Decisive moment NATO row erupts as Germany slaps down Turkey over Finland and Sweden

Cihat Yayci suggests Turkey won't support Nordic NATO membership

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Turkish President, Recep Tayyip Erdogan, called the two Scandinavian countries a “hatchery” for “terrorists”, linked to what Ankara sees as the hosting of those it considers terrorists. President Erdogan accuses Sweden and Finland of harbouring Kurdish militants, referring to the Kurdistan Workers Party and the followers of Turkish preacher and businessman, Fethullah Gulen.

Ankara blames the latter for a failed coup attempt in 2016.

But after President Erdogan raised his objections to the new members – which must be unanimously approved by all 30 NATO states – Germany’s foreign minister dismissed the idea that Turkey’s reservations will cost the two countries their entrance to the alliance.

Annalena Baerbock acknowledged that there are “outstanding issues from the Turkish side”, but she said she was “very confident” that the two new prospective members would be accepted.

She said the disputes were being “discussed”, adding: “ I am very confident there will be a quick accession because everyone knows this is a decisive, historic moment in a very dramatic situation.”

She went on to say that, should the negotiations on their membership become an extended process, Sweden and Finland could still rely on security reassurances from NATO.

Erdogan did not mince his words when he said during a news conference: “Neither of these countries have a clear, open attitude towards terrorist organisations.”

He added: “How can we trust them?”

He then said NATO would then become “a place where representatives of terrorist organisations are concentrated” if the alliance assented to Sweden and Finland joining.

Helsinki confirmed over the weekend that it would apply for NATO membership, shortly followed by an announcement by Swedish Prime Minister, Magdalena Andersson, that Stockholm would pursue the same goal.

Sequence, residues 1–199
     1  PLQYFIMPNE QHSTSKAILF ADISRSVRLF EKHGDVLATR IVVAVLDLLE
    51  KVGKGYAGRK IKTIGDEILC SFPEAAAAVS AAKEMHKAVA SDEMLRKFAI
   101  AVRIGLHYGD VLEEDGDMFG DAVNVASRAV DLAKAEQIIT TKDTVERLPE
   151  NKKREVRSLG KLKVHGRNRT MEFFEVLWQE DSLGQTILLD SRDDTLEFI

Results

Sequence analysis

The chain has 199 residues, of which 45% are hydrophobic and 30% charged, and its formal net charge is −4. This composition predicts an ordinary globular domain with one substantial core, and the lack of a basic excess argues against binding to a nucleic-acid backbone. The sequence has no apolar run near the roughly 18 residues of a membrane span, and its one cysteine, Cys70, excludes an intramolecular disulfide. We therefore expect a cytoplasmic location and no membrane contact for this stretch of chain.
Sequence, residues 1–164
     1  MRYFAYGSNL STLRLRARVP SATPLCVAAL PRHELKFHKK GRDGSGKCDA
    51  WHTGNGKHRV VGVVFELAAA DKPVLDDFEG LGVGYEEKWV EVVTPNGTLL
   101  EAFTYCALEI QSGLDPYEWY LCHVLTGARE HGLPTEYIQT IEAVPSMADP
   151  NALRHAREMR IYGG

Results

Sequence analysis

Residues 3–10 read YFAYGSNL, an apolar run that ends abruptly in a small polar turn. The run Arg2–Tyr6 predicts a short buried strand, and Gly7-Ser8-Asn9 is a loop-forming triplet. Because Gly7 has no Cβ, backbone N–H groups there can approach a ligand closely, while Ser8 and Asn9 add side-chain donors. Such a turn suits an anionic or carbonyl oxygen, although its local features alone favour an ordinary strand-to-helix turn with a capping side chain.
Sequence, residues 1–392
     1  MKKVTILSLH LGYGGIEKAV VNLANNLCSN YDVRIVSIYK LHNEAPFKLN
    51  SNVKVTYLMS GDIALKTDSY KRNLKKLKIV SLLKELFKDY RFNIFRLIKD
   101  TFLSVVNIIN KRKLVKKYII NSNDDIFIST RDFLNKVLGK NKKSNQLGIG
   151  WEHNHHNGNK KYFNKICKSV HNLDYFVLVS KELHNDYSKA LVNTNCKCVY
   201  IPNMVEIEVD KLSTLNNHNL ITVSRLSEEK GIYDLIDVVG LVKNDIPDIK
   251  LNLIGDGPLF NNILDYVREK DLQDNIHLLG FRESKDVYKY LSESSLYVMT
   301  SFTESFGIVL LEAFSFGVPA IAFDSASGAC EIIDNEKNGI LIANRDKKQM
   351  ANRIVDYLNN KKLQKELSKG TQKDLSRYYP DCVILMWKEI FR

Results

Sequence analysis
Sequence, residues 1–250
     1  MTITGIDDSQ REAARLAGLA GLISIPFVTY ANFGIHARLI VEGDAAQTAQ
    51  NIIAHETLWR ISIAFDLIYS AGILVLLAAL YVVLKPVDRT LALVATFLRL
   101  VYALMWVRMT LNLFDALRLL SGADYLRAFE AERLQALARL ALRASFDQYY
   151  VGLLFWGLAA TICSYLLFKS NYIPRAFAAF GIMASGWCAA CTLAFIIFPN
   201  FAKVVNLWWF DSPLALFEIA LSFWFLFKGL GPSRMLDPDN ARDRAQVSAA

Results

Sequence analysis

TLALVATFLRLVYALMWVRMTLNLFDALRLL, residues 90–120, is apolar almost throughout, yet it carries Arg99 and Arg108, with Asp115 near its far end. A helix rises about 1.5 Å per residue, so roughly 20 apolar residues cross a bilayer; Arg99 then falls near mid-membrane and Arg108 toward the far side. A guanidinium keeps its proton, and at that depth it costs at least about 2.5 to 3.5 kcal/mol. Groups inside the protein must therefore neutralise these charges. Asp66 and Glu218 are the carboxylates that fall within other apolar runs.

It represents a historic shift in Nordic foreign policy, that has rested on military non-alignment for decades.

Finland was been surprised by the strength of Ankara’s rhetoric, foreign minister Pekka Haavisto said on Monday, but added that Helsinki will not be “bargaining” with Mr Erdogan over its membership.

Ms Andersson, also speaking on Monday, said that although NATO will “strengthen Sweden”, Stockholm had much to bring to NATO’s advantage.

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She then described the readjusted world reality following Russia’s invasion of Ukraine, commenting: “We are leaving one era behind us and entering a new one.”

President Erdogan said the two countries should not attempt to win his approval by sending delegations to Ankara, as Sweden had said it would do.

The Turkish President dismissed these plans, saying: “They are coming to Turkey on Monday.

“Are they coming to convince us? Excuse me but they should not tire themselves.”

However, Ankara’s stance goes against that of NATO Secretary-General Jens Stoltenberg, who said Finland and Sweden would be “welcomed with open arms”.

He added: “I’m confident we will be able to address the concerns Turkey has expressed in a way that doesn’t delay the membership.”

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